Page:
Hawkwatch, 12-13 September 2016

The past two days of hawkwatching have been quite eventful. Less-than-prime winds out of the southeast have have shifted some of the migration high and a little to the west on Monday and Tuesday but that didn't stop the viewers from having a delightful time. Monday morning started out with a bang...

I got to the platform about 20 minutes to sunrise. The eastern skies were mottled in cloud wisps of dark orange, pink, and violet, gradually becoming illuminated as the morning minutes progressed. I took a glance up in the sky upon my arrival and saw silhouettes flapping above me in the deep lavender sky. The banana peel-like wingbeats and elongated tails instantly meant American Kestrels. How special it was to see these birds taking off and migrating before true sunrise. They must have flown to the area during the late evening before, following Sunday's big American Kestrel movement. By sunrise I had tallied 33 American Kestrels throughout the skies. Most were flying overhead heading east while a flurry of other kestrels attempted to get the highest perch around the lighthouse.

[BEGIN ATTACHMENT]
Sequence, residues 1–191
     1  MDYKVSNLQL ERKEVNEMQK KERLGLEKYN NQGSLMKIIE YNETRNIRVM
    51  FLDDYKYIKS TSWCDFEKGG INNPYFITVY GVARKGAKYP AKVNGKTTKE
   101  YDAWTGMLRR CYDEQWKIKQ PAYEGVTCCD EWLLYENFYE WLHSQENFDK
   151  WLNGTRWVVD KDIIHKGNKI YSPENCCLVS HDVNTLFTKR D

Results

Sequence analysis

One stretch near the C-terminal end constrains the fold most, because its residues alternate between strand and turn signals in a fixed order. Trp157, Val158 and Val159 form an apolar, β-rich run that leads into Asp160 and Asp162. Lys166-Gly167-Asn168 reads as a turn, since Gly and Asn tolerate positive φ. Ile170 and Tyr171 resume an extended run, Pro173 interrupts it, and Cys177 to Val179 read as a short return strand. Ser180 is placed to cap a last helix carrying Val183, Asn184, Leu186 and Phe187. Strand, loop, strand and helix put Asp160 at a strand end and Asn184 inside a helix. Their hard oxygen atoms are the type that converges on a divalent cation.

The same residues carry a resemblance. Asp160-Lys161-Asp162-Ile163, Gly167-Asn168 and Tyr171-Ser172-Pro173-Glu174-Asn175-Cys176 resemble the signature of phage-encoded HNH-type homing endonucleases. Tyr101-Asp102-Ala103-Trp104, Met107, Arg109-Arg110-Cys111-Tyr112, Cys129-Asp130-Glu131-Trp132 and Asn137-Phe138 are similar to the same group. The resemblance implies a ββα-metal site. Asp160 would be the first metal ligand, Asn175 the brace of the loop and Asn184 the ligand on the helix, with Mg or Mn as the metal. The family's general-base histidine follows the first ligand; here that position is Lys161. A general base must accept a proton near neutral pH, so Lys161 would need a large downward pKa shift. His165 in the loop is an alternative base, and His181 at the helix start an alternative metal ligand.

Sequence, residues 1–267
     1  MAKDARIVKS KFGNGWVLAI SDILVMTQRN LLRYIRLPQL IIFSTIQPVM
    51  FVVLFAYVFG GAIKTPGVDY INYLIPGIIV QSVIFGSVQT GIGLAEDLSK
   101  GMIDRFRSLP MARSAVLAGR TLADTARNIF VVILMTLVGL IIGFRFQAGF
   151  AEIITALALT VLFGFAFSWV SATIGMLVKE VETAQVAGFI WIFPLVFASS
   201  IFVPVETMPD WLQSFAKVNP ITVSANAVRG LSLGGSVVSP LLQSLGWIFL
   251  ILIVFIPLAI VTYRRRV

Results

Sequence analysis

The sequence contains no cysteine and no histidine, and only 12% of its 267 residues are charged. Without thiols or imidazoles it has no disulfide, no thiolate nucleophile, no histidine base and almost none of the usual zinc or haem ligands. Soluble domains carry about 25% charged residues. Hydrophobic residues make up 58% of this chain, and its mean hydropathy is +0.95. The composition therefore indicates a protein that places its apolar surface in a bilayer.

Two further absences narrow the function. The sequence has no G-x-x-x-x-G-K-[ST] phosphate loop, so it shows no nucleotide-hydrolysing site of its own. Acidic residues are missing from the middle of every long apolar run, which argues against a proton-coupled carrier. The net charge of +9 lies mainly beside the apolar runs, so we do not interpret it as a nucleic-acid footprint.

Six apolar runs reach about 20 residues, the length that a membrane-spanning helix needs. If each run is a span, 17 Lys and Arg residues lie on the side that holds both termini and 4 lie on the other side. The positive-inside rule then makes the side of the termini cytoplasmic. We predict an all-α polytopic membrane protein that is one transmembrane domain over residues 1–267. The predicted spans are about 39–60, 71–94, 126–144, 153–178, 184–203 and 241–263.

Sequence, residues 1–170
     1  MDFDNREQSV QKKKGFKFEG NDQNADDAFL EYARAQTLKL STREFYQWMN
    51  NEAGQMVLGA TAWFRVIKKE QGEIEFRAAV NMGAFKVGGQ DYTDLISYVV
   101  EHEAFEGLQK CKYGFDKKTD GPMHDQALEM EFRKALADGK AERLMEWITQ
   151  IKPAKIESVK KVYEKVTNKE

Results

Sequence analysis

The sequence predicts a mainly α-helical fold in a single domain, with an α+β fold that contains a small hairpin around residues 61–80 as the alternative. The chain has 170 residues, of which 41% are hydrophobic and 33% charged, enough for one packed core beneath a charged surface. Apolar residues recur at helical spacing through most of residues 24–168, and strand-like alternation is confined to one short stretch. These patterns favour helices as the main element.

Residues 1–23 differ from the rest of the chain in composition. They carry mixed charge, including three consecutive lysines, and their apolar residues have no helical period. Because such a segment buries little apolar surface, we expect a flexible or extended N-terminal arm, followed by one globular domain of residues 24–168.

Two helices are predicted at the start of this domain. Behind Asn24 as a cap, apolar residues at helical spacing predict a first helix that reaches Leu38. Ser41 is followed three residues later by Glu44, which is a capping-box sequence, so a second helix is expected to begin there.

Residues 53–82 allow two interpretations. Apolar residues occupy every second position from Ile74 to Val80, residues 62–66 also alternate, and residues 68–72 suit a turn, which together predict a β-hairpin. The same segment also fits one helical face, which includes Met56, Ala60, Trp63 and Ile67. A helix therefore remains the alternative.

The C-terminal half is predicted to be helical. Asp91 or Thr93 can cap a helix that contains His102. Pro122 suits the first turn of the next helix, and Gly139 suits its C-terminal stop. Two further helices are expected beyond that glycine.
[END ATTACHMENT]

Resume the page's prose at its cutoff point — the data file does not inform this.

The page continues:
American Kestrels flying around the top of the Cape May Lighthouse. Digiscoped.

Raptors streamed by as the morning progressed. Osprey made their own flight lines as Merlin and American Kestrels took the lower-flying route. One Osprey flying by (carrying a fish) had an antenna on its back. Low and behold this Osprey was equipped with the antenna earlier this year in Newfoundland, Canada! 

Osprey flying by with a tracking antenna on her back.

Belted Kingfisher migrating by the platform.


The big push of Red-tailed Hawks is yet to come... 
A beautiful juvenile Red-tailed Hawk is shown here.

Monday's totals (above)

Tuesday's totals (above)

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